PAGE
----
21 August 2012

Venison Stews I’ve Known

Necessity and opportunity are two things everyone in the backcountry learns about quickly.   Once, while working as a fencer in the Harper Avoca catchment we shifted camp up valley to where we were to build our next deer exclusion fence.  We soon ran out of meat and I was given the job of going back to our old camp to fetch a leg of venison we’d left hanging in a tree.  A quick inspection was all I needed and I shouldered my rifle and headed up the hill in search of some fresh venison.  The hunt was a disaster and the details are not worthy of recollection.

Finally in mid afternoon I returned to our old camp and looked hungrily at the swarm of flies about our meat.  There was nothing for it but to unhook the leg and take it down to the stream.  I carefully boned the meat of out and washed the fly eggs and maggots from the meat.  The venison had a pale and friable look about it.  I wrapped it carefully in my bush singlet and a couple of hours later arrived back at our new camp.  The venison was carefully diced and thoroughly seared in the camp oven along with chopped onions.  Water, carrots, parsnips and a little thickening were added.  And a few potatoes.  Salt, pepper and a few spices later and we sat about eating the best venison stew we’d had that summer.  It was unbelievably tender.

Tony Hooper, Allan Depree, BLS - Venison Eating Avoca Crew 

Once, on a solo tramping trip I did up the Rangitikei I was pushing my way through thick bush on my sixth day out and stumbled upon a deer carcass.  My nose told me that it had had been shot within the last couple of days.  Whoever had shot it had only taken a little of the meat.  I’d been eating nothing but dhal baht and the idea of a little more protein was quite appealing.  I cut off enough for a couple of meals and made my way on up the valley.  Solo tramping teaches you about how much of one's life is compromised.  That evening, without any compromise, I chose a site, pitched my tent the way I wanted it, lit my fire and decided how to cook my meal.  I then sat down on a log to the best and only Moghlai Venison Stew eaten in New Zealand that night.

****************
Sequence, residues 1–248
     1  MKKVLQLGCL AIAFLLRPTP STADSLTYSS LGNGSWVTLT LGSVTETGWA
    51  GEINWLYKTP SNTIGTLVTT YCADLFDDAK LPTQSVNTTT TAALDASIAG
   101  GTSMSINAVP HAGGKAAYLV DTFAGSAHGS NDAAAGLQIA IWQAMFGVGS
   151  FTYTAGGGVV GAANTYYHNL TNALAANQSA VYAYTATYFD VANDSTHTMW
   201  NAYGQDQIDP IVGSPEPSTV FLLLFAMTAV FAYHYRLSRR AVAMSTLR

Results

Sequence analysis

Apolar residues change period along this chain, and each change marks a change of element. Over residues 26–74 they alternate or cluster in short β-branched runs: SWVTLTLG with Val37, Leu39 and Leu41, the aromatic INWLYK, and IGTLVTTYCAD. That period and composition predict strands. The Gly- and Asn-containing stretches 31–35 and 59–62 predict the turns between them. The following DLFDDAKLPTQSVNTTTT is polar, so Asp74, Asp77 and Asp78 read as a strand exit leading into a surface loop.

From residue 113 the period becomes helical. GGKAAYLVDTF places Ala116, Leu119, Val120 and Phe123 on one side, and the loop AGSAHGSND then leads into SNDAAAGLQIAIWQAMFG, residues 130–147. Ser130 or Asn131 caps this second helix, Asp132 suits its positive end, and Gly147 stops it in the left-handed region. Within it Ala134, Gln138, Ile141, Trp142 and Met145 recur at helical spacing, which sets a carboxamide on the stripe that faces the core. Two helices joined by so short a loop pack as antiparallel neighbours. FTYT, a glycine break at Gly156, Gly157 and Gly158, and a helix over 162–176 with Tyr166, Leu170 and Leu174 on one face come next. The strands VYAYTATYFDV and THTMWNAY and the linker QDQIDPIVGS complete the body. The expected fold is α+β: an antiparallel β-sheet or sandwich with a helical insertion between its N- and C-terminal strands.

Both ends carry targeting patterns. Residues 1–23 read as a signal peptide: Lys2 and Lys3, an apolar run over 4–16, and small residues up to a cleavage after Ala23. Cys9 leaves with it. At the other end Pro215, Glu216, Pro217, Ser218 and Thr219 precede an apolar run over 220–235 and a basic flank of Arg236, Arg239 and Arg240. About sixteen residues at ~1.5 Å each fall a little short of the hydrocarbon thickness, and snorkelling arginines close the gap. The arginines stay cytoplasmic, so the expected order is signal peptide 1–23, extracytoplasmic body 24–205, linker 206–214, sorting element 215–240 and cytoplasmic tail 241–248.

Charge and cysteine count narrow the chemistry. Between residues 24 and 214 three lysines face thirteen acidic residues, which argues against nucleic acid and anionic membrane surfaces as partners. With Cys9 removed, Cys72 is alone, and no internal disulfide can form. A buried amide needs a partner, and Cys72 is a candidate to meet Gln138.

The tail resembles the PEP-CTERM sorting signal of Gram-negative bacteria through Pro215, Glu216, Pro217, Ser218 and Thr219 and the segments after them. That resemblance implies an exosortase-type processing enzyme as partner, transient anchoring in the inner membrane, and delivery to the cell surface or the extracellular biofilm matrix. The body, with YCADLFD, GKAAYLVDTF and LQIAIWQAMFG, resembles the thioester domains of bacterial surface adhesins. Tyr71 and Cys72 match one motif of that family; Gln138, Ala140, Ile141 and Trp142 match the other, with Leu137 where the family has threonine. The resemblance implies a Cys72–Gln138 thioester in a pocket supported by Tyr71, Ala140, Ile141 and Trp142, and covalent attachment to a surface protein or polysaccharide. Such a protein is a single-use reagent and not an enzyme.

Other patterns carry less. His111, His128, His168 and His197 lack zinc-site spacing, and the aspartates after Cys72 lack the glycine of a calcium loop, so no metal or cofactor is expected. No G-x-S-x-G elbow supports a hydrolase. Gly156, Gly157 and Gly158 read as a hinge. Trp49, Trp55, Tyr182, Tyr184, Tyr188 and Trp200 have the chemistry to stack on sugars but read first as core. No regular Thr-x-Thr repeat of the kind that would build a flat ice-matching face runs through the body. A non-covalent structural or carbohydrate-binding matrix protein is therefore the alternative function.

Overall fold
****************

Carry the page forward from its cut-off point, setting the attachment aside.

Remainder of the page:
1. Great-sounding recipe Barry, I will commit it to memory.
    How important is maturing it in the bush singlet (they're getting hard to find these days)?

  2. Cheers, Nick. The maggots were an indication of maturity. The bush singlet was mainly to protect the precious cargo from the gunge in the bottom of my pack. The whole thing was just about how ‘needs must’. Dont forget to wash the meat! If you're hungry enough you dont need sauce.